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Osprey Population On Sanibel Island, Florida
1978-2003 Increased 400%

The author, Peter Wallack, is now working on TIOF’s archives. Most of this article is based on interviews with Tim Gardner, present President of TIOF, and Mark “Bird” Westall, founder and first President of TIOF. Peter Wallack is on Sanibel Captiva Conservation Foundation’s Education Committee and has contributed curriculum extensions for their 14 Educational units that enhance the school classroom follow through of their SCCF experiences. Peter Wallack is retired after 34 years as an academic and teacher of World Cultures.; the hundreds of images there are free for educational use by individuals, non-profit environmental and bird organizations, government organizations, universities, museums, state parks and schools.

In the post war era farm production knew no limitations; if the pesticide DDT was good for protecting crops than at eight cents a pound why not put tons of it on every field to really protect them. The fact that this poison would wash off the land and accumulate in fish fat which in turn would lead to the thinning of the egg shells and the endangerment of Osprey, Bald Eagles as well as wading and other birds which ate fish was first warned about by Rachel Carson In SILENT SPRINGS, 1962. It took a decade before DDT use was made illegal by a product manager of the newly formed Environmental protection Agency; that manager was The International Osprey Foundation’s present President, Tim Gardner.During that post war period up until the banning of DDT in 1972 Sanibel Island was, as today, fifty percent J.N. Ding Darling National Wildlife Refuge and another 35 percent City designated wetlands not suited for development or Sanibel Captiva onservation Foundation preserves and greenways along the Bicycle Paths. There were probably just several dozen Ospreys on Sanibel then.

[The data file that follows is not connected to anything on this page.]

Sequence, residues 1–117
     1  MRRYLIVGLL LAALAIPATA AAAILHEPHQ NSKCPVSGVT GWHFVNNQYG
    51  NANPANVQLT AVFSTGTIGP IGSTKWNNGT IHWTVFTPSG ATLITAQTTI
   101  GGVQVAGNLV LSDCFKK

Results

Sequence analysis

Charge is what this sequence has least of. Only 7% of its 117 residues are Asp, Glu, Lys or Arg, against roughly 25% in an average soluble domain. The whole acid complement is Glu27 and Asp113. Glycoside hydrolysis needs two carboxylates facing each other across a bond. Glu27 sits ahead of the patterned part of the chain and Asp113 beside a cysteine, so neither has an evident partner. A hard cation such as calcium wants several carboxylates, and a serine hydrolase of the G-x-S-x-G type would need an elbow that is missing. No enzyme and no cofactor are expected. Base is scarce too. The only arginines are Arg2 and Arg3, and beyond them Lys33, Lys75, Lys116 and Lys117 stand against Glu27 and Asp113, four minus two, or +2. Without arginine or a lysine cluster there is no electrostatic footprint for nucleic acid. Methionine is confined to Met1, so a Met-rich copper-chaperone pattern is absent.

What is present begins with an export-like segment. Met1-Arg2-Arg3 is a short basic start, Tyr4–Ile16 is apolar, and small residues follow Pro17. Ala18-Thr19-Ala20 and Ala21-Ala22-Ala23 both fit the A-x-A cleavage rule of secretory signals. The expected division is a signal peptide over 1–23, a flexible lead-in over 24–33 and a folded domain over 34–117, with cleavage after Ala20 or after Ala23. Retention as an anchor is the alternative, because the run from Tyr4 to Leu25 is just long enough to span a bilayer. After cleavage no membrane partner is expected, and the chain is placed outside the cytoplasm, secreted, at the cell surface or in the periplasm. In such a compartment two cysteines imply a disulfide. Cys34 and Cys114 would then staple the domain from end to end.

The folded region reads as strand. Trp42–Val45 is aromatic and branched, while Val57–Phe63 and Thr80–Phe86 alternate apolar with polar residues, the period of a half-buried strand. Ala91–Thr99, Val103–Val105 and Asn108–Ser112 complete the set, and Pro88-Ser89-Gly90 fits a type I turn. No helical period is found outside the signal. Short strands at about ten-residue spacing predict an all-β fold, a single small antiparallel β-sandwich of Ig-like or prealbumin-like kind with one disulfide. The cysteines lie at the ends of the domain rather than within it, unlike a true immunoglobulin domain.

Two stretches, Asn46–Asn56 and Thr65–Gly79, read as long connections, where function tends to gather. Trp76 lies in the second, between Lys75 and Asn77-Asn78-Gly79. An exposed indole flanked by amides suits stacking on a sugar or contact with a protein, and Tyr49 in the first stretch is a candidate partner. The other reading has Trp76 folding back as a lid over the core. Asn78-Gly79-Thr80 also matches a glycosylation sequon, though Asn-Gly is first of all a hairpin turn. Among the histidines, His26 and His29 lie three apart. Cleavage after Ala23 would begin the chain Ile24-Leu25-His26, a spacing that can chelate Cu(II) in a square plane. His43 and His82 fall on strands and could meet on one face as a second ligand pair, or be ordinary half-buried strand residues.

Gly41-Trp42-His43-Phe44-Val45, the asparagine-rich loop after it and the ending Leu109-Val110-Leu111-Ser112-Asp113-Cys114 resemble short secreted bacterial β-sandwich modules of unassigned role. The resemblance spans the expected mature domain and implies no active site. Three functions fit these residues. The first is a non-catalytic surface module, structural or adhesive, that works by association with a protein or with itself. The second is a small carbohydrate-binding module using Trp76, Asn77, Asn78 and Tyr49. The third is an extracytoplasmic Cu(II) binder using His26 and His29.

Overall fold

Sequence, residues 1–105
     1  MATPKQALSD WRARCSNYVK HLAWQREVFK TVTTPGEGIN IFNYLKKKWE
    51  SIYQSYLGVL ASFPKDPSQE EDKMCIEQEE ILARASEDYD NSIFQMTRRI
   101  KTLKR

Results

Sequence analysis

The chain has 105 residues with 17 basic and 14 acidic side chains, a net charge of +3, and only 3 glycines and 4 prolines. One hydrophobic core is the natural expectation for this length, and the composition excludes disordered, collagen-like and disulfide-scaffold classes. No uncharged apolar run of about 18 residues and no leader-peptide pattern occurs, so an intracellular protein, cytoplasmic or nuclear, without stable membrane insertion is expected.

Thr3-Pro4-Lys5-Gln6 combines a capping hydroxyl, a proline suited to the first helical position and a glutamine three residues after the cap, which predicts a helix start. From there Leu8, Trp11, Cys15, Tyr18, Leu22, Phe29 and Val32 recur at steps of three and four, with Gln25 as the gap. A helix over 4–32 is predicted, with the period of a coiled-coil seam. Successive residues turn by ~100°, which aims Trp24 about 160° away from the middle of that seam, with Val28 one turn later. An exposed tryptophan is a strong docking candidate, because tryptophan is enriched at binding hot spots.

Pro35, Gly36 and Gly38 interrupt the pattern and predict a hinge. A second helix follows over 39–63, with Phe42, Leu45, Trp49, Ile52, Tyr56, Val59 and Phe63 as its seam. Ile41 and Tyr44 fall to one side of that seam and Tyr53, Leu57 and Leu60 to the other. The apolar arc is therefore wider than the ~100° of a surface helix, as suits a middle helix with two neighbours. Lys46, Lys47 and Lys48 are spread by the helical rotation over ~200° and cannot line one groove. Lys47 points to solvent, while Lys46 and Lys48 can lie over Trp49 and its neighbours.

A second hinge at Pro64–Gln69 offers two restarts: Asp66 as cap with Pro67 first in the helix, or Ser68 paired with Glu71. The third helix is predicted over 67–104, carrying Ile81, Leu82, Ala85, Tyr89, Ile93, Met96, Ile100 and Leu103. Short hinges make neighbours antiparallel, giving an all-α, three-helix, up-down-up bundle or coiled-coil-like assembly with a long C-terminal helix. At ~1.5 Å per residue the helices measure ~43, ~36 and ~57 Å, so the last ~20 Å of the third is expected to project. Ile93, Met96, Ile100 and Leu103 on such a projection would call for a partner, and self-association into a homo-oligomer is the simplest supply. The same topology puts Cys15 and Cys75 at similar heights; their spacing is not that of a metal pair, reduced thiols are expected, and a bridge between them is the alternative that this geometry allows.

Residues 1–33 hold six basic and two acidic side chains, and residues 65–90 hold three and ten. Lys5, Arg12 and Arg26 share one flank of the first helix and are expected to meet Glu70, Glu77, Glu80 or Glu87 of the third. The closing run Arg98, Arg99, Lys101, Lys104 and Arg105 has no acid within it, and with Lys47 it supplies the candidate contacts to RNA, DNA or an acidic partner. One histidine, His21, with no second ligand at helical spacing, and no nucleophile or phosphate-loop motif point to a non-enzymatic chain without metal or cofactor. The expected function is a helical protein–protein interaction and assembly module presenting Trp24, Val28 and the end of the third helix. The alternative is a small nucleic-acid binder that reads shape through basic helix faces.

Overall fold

In 1974 the first Osprey platform on Sanibel was built in Ding Darling National Wildlife Refuge at the seven-tenths mile marker on the left. Between 1974 and 1980 about 6 to 8 platforms were put up a year on city land, private property, Ding Darling land, Sanibel Captiva Conservation Foundation land, and on Lee County Electric Company utility pole tops. Charles Lebuff, of the U.S. Fish and Wildlife Service at Ding Darling NWR, and George Campbell, a local naturalist, led this effort. Osprey before that era had created electrical outages as they themselves were sometimes electrocuted when they built nests on the poles to be over the tree canopies to have the instinctual view they needed for protecting their young and spotting prey. Lee County Electric Company before 1974 had ripped down Osprey nests as nuisances; then George Campbell enlightened Lee County Electric and got them started on building Osprey platforms for both the good of the birds and the electric service on Sanibel.

The first accurate Osprey nest and territory count was conducted by Mark “Bird” Westall in 1979 with the use of an airplane to search out all active nests on the Island many of which can not be seen by man since they are away from the roads buffered by nearby woods and wetlands. In 1979 there were 35 active nests with a possible and probable range of 60 to 100 Ospreys. Today TIOF monitors all the Osprey nests with six teams of volunteers. There are between 320 and 400 Osprey now on Sanibel. That is a 400 % increase in 25 years.In the past Mangroves with their even canopy tops were not attractive sites for Osprey nests. Today many new generations of Osprey born on Sanibel use mangrove sites from eight feet off the water to dead trees from ten to twenty feet below the canopy.